The attacks come amid rising sectarian discord in Iraq and appear aimed at shaking Iraqis' confidence in the Shiite led government. The explosions struck at the start of the local work week and primarily targeted outdoor markets.
The attacks began with the detonation of a parked car loaded with explosives in the sprawling Shiite district of Sadr City on Sunday morning. Two more parked cars later exploded elsewhere in the neighborhood.
Car bombs tore through shopping areas within minutes of each other in mainly Shiite neighborhoods of the Iraqi capital on Sunday, killing at least 37 people and wounding more than 100.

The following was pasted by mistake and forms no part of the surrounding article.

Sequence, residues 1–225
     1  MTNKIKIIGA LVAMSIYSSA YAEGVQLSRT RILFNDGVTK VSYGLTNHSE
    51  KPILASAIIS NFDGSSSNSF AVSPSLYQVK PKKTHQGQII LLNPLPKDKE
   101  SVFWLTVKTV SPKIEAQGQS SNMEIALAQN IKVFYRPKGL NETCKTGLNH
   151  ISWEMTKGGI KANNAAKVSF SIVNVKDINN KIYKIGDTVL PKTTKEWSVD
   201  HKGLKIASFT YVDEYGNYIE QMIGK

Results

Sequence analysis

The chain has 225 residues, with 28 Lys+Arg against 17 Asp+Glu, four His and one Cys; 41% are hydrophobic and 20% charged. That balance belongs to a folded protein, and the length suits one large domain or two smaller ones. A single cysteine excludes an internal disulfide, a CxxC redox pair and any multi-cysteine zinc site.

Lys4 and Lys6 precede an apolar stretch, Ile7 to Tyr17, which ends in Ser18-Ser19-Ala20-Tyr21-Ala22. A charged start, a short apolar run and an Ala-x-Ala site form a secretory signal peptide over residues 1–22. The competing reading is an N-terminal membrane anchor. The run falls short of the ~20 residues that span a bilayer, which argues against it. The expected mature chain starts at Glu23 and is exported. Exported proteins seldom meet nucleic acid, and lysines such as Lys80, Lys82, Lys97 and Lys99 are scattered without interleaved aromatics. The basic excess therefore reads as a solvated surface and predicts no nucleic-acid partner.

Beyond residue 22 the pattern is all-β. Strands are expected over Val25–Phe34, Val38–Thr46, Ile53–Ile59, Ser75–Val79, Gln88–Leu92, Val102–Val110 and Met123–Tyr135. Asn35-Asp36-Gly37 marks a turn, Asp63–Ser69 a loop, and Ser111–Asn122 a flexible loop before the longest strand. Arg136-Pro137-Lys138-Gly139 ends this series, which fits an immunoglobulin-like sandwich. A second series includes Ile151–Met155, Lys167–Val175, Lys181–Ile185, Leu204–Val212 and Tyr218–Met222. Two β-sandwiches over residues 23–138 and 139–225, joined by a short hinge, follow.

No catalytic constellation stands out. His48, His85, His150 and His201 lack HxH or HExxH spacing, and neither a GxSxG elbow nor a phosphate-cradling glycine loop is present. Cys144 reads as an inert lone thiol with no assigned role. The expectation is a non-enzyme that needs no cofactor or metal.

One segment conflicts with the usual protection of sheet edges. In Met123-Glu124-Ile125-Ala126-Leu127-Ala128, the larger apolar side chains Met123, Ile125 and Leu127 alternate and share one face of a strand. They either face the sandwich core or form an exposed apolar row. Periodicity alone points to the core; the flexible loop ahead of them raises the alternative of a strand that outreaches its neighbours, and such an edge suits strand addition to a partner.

Violence in Iraq has fallen since the height of sectarian fighting in 2006 and 2007, but insurgents still frequently launch lethal attacks against security forces and civilians. It was the third time this month that attacks have claimed more than 20 lives in a single day.
An open air market in Husseiniya, just northeast of the capital, and the Kamaliya area in Baghdad's eastern suburbs were also hit.
As sectarian strife mounts, protesters drawn overwhelmingly from Iraq's Sunni community have been staging weekly demonstrations and sit ins since late December to rally against the government, which is led by Shiite Prime Minister Nouri al Maliki. The protesters have rejected calls for violence and distance themselves from extremist groups such as al Qaida.